We said goodbye to my mother for the last time on an otherwise beautiful, sunny Friday morning in March. She had suffered a massive stroke on the previous Monday, and we watched her slip away day by day. But this isn’t really about that, or even about Mother’s Day. This is about nurses and the job they do, since this is National Nurses Week, which ends Monday, the birthday of Florence Nightingale.
Since that day in March, I’ve toyed with writing about the relationship between nurses and the families of patients near death. It’s a delicate topic and maybe too personal for some, but the nurses deserve it. And there’s a news hook too: I’ve gone through the same experience at The Westerly Hospital, where my father died last April and at L+M, the new owner of The Westerly Hospital, where my mother died. At both facilities, the care and compassion was impressive, despite the upheavals both have gone through in the past few years.
Very soon after my mother’s last breath, the nurse came back to the room with three boxes covered in soft purple fabric. She asked if we would like prints of my mother’s hand. She delicately lifted my mother’s left hand and gently pressed it onto each of three rectangles of clay. She asked if we needed anything and then left us alone again.
We had been in the room for most of that week and we knew what was in store. In her final act, my mother had allowed us to make the transition gradually over those few days into the huge void she would leave. And during that time we met several nurses and aides. For some reason, as we were going through this intensely personal time, it occurred to me that a nurse’s work day is quite different than the average worker’s day.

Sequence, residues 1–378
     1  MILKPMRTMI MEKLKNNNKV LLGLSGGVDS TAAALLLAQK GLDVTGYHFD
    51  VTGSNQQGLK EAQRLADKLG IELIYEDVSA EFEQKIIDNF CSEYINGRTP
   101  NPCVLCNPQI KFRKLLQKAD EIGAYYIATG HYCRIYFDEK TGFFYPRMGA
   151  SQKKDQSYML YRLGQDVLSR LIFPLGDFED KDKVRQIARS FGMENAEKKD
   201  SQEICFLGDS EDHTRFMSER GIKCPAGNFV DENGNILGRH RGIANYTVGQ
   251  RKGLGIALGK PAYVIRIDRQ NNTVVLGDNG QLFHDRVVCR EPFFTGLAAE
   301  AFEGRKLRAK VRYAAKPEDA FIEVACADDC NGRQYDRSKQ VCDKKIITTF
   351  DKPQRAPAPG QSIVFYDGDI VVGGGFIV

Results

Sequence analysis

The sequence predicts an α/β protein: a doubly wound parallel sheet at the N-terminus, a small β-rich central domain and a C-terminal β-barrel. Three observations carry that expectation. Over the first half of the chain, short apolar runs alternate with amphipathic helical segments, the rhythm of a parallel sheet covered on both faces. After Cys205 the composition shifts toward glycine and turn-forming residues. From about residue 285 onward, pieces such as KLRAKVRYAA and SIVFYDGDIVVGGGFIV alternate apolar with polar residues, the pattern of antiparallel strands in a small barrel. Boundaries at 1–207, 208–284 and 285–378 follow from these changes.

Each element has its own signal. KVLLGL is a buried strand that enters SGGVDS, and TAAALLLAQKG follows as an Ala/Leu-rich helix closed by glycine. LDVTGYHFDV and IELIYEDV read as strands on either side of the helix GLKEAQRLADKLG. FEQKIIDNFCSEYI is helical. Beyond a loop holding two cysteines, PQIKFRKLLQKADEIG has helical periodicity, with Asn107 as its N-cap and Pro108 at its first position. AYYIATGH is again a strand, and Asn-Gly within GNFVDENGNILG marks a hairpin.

She had just shared an incredibly personal moment with us and now she was off to tend to her other patients and their families. She undoubtedly had a schedule to keep for those patients. Maybe a co-worker was out sick and she was covering more patients than normal. Maybe another family was pressuring her for information or demanding to talk to a doctor. Maybe her mind was really on issues in her own life. When she was with us, however, we felt as though we were her only concern. That’s quite a balancing act.
It’s easy to think our job is the most stressful or the most underappreciated or the most complex for any number of reasons. But consider a nurse’s day. Their deadlines concern a person’s health, and in extreme cases it’s a life-or-death deadline. They are skilled workers and the best of them are able to demonstrate that skill under pressure while showing compassion for the patient and their family. Many of them work odd hours, on weekends and holidays, through hurricanes and snowstorms and through extended shifts. Yes, there is good money in it for the highly skilled, but it is also, for most, a calling, and conditions can be most unpleasant at times.
At both facilities, we were treated with kindness, respect for my parents’ wishes and compassion for all of us. As it turned out, both hospitals were in the news during the course of my parents’ passings, but no one we met at either site let the stress of those headlines surface in the rooms.
Nurses are on 24/7, even on Mother’s Day and Father’s Day. So thank the next nurse you see, regardless of whether you know her — or him — even if it isn’t National Nurses Week.
David Tranchida is the editor of The Westerly Sun.